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Is it me, or does this splitter look dangerous?

Post in 'The Gear' started by kevinmoelk, Jan 5, 2007.

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  1. wg_bent

    wg_bent Minister of Fire

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    Ditto. I nearly passed a mouthfull of Turkey on Rye through. The I've put splits in my van that are heavier than a Geo. That's too funny!!!

    I think Elk has the king of splitters around here though (his backhoe). Nice and safe too. (An Elk requirement of course)

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  2. treeman08

    treeman08 New Member

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    My Dad used one of these in the 70's. He borrowed it from a neighbor.
    Yes it was dangerous, but so is a chain saw.
    We mounted it on an old pick up, and used it to split a lot of wood. It did work pretty slick, but after a few years, he bought a hydraulic splitter.
    Now the same neighbor used his Hydraulic splitter so I assume he also was worried.
    We did not have any injuries, but a couple of close calls. As I remember it chews up the wood and you have tons a little scrap to clean up.
    I surely don't miss the thing.
  3. rudysmallfry

    rudysmallfry Feeling the Heat

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    The scary part is, somebody, somwhere, owns one and uses it... and they are legally allowed to breed children too!
  4. Backhoe

    Backhoe New Member

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    I have a similar product to the stickler but it looks like its 100 years old - the blaster I think is what is written on it but its mostly worn off. At any rate, I've used this on my old rear wheel drive Chevy station wagon WITH a limited slip differential for about 8 years. I know the limited slip works as there's a hill in town I travel on occasion in the winter where the limited slip works quite well. I think what most people are missing with this unit is that when you put this on your car the screw device is about 12-16 inches off the ground and you generally place a large platform of wood on the ground so there is no chance that the log will spin around if you have an 18 inch or so log - the 18 inch log is virtually horizontal with a slight pitch upward on the right side. It sounds like some people hold onto it at waist height - don't know how you would do that. So after you jack up and brace the car, put chaulks on the front wheels, then you start to press the piece of wood near the right end into the spinning screw. Once the screw bites into the wood you let go and it screws into the wood and splits. Depending on the type of wood, generally the wood falls into two pieces and you can pick them up and start another piece. I've probably split about 30+ cords of wood and have not had an incident where I felt I was in danger. I think you have to give it the respect its due as with any machine, including driving a car. If you don't pay attention it will hurt you or you will crash a car if you're driving. I have never had one piece of wood I could not split - with all the ugly knots - that I normally would have had to throw away. Those make great over night pieces after about two years of drying. So, it looks like most would not use this but I think most of the intimidation would subside if you saw this in action. I do have a couple of videos I could make available that perhaps would take away some of the mystery. My only regret with this device is that I had it for about five years before I used it and never hooked it up because I never thought it would work.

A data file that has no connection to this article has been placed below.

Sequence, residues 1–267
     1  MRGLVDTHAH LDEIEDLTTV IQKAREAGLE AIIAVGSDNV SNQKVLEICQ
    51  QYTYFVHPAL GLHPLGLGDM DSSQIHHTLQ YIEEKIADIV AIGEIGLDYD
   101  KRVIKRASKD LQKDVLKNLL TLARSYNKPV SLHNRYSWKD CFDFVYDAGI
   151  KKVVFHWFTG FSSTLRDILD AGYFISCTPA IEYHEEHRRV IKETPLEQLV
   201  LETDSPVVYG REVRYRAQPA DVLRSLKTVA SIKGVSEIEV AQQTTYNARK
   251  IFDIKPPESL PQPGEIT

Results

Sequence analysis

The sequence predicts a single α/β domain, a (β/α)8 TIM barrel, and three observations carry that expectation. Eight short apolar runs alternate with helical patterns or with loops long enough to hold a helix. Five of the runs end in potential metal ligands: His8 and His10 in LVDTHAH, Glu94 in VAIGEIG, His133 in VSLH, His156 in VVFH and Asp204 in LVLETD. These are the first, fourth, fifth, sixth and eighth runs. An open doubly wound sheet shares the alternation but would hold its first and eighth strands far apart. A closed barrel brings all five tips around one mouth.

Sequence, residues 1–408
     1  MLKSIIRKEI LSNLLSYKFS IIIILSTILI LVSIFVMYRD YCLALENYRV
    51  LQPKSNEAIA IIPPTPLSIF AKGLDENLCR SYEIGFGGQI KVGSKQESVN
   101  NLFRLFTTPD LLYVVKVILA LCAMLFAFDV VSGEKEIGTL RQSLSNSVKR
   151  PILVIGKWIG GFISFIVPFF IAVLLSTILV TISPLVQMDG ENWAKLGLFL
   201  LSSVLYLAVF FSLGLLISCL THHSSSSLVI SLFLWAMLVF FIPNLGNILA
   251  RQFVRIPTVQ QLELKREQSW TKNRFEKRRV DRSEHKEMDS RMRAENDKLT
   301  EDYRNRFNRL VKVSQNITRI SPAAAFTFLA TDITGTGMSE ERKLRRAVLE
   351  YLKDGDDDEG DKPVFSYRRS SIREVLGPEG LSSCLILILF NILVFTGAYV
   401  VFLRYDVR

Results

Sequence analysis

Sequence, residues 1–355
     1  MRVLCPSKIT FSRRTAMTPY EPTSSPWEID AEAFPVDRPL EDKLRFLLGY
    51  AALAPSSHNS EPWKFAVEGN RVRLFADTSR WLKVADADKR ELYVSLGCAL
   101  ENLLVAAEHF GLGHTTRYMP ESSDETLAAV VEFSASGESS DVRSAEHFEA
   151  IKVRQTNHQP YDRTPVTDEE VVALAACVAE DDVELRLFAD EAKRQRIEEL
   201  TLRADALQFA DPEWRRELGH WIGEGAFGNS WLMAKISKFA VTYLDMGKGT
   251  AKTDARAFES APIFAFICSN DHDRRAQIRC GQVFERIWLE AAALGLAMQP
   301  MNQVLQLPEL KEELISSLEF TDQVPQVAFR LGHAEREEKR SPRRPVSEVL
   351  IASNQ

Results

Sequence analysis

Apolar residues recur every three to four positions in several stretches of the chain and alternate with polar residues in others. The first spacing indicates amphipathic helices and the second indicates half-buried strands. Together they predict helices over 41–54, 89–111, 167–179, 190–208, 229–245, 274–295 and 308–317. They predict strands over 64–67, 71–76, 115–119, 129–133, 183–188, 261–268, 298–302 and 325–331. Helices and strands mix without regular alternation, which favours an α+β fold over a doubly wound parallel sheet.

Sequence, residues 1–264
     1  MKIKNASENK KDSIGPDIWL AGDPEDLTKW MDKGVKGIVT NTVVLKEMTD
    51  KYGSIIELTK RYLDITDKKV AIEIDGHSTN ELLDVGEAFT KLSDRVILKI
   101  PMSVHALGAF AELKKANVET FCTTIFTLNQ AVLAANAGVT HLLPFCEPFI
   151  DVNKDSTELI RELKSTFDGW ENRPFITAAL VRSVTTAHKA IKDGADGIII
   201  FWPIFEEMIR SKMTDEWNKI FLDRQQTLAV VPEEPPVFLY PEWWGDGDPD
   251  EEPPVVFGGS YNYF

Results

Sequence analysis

5. keyman512us

    keyman512us Member

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    ..Yeah I-495 in rush hour traffic "Ohh What the...Cut me off you SOB...I'll fix your ^ss"

    Looks like something While-E-Coyote bought from AJAX.... ;)

    ...I think it boils down to "marketing though"...Imagine if all the LAPD, CHP and Sheriffs cop cars had these babies on em'...

    ...Can you say "Bye Bye three hour high speed chase???"

    Michelin versus the rotating "stop stick unicorn of death"...lol
  6. keyman512us

    keyman512us Member

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    On a more serious note though.

    Growing up a friend of mine got severly injured on one of these splitters. It nearly severed his arm off. One day after school he was splitting wood for his father(they owned a sawmill, dangerous machinery? A way of life). Somehow his jacket got caught in the screw.

    It screwed itself into his forearm and nearly tore it completely off.

    Aside from the pain and suffering of the initial ordeal... He is scarred for life. His arm looks far worse than if it had been set on fire.

    As dangerous as these things are.. I have no idea why anyone would ever contemplate using one.

    Save up your money and buy a real splitter...these things aren't worth the true cost.

    These things are far more dangerous than an un-guarded PTO on a tractor IMHO.